Dialysis Clinic, Inc. - Celebrating Zero Days of Dialysis One Year Post-Transplant
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Celebrating Zero Days of Dialysis One Year Post-Transplant

Posted in Articles by Dialysis Clinic, Inc

On June 7, 2018, Jean Breeding, 62 years old, celebrated her first transplant anniversary. Her kidney transplant, courtesy of fiancée, Bob, occurred just in time to keep Jean from starting dialysis.


Jean knew she had declining kidney function and had been under the care of a nephrologist for a few years. In August of 2016, her son was in a near fatal car accident. She spent several days and nights in the intensive care unit with her son. As he began his road to recovery, Jean, a nurse of 40 years, recognized that she wasn’t feeling well. She told herself it was just the stress of the accident and long hours of being a caregiver, but a trip to her nephrologist told her it was her further reduced kidney function. Jean had a creatinine of 4.8. A creatinine level of greater than 1.2 mg/dL for a woman is a sign that the kidneys aren’t working properly. Jean was advised she needed to start dialysis.


“When I heard the news about my kidneys, I was getting ready to start a new job in 4 days,” explained Breeding. “I didn’t feel well, but I was determined to start my new job and not start dialysis.”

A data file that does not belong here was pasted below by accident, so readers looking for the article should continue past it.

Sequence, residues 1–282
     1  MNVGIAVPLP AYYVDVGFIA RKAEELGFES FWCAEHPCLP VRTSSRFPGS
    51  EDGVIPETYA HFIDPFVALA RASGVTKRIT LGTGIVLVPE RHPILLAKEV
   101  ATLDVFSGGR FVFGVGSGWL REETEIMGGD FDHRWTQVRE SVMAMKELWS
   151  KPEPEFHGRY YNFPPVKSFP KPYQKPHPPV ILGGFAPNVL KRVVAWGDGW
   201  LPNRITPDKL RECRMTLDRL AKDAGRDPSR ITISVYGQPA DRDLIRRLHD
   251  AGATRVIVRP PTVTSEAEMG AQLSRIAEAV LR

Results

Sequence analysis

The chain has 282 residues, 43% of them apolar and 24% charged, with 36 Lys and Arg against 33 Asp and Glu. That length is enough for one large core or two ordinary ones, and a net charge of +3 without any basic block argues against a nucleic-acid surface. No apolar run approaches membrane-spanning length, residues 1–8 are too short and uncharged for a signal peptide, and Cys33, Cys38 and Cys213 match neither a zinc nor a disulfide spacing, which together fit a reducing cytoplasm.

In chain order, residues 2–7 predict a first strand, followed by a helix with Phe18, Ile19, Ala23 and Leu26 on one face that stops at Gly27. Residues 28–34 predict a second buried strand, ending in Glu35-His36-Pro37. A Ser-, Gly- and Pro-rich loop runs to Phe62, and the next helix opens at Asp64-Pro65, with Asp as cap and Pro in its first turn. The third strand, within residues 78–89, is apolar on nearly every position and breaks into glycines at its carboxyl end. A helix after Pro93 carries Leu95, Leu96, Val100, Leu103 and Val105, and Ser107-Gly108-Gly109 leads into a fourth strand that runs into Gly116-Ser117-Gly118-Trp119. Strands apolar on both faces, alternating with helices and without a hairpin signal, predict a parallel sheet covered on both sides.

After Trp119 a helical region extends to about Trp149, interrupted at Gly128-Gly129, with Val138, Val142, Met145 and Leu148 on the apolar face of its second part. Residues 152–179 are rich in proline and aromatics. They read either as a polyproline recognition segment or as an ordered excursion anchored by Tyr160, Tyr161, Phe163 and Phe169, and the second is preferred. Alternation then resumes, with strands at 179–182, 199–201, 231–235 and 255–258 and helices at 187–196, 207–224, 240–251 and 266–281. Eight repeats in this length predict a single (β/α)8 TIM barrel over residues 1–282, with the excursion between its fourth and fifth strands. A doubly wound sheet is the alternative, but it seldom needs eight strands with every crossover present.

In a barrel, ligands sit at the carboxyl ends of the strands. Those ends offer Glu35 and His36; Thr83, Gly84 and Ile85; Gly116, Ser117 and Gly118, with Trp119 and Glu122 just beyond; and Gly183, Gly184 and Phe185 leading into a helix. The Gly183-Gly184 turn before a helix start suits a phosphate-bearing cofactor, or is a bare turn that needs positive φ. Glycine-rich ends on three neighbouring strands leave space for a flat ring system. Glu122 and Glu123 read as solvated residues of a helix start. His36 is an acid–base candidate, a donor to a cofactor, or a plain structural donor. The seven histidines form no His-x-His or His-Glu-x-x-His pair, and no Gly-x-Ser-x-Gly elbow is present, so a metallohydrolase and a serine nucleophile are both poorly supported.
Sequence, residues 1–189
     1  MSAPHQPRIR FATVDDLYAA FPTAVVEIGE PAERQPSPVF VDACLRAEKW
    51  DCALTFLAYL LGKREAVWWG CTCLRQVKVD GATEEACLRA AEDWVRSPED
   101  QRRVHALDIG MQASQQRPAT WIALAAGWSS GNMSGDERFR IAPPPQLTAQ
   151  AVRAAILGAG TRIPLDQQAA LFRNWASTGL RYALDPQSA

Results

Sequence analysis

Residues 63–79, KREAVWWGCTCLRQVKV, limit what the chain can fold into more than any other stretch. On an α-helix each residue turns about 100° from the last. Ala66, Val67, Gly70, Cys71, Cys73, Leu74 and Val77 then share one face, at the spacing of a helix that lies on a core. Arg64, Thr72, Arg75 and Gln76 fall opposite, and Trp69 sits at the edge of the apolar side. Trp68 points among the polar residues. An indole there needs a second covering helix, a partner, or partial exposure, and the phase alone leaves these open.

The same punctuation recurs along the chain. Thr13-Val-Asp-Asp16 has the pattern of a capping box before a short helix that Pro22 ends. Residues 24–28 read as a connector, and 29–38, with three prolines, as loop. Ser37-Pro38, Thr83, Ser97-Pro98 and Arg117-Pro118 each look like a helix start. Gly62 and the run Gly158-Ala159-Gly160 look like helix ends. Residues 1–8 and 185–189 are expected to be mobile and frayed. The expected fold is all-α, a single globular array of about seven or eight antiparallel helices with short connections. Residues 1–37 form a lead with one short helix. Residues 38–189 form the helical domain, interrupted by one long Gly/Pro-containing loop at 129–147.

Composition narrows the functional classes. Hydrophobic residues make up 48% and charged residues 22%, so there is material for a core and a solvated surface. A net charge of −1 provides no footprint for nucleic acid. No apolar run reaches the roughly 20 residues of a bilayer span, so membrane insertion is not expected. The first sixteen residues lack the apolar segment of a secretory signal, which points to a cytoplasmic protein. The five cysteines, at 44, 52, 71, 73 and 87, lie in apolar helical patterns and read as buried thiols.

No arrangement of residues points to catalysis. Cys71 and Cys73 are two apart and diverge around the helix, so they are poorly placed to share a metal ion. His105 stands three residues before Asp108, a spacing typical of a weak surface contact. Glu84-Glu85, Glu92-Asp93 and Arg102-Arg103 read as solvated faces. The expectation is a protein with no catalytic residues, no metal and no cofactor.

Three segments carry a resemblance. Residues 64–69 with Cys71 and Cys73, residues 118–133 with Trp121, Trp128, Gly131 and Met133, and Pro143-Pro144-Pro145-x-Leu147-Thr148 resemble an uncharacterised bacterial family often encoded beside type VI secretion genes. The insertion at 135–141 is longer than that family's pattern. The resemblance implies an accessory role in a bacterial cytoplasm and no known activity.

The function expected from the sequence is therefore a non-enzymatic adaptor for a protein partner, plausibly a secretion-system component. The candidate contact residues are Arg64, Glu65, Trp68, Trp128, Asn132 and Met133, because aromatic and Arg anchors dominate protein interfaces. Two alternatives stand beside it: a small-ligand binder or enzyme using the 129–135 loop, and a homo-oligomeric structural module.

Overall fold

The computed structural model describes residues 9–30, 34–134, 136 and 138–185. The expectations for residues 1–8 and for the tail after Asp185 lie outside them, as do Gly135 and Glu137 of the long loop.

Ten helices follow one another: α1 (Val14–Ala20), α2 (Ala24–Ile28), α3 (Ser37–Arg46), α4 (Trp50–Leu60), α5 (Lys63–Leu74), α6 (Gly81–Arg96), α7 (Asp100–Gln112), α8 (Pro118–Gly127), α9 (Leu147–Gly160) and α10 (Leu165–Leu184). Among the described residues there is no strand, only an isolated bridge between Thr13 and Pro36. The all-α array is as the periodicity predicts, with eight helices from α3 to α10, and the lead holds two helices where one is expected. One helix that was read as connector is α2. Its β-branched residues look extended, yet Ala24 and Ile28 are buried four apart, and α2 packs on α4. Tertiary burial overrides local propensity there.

Jean’s nephrologist agreed to help her delay dialysis as long as possible, but advised her to keep her potassium under control. With a new medication regimen in place, she was introduced to REACH Kidney Care to assist in developing a plan to face kidney failure.


“At the first meeting with REACH I was still in shock and overwhelmed. I met Janet, the care coordinator, and Jan, the dietitian. They were both very helpful. Jan explained how I could limit certain foods to help maintain kidney function and Janet explained treatment options,” stated Jean.


The second meeting with REACH didn’t occur in the office. Janet met Jean and Bob at Dialysis Clinic, Inc. (DCI) so that they could see in-center hemodialysis, learn about peritoneal and home hemodialysis, and explore the option for a transplant.


“It really comforted me that Janet didn’t just send us to DCI to learn about treatment options, she met us there,” said Jean.


After learning about the possibility of a pre-emptive transplant and the option of avoiding dialysis altogether, Jean knew a kidney transplant was for her. Luckily, Bob was a match. After approximately six months of evaluation and testing, June 7 was chosen as the date for the transplant. Jean and Bob entered the hospital on a Wednesday and headed home to recover on Saturday. Jean’s sister was her care partner and home health provided support as well. By September, Jean and Bob were off restrictions and feeling great.


Jean, grandmother of eight, now works full-time from home, gardens and enjoys life.


“My kidney transplant made me realize what’s important in life. I’m thankful that donors provide a second chance. I’m very grateful,” explained Jean. “REACH Kidney Care helped me so much.”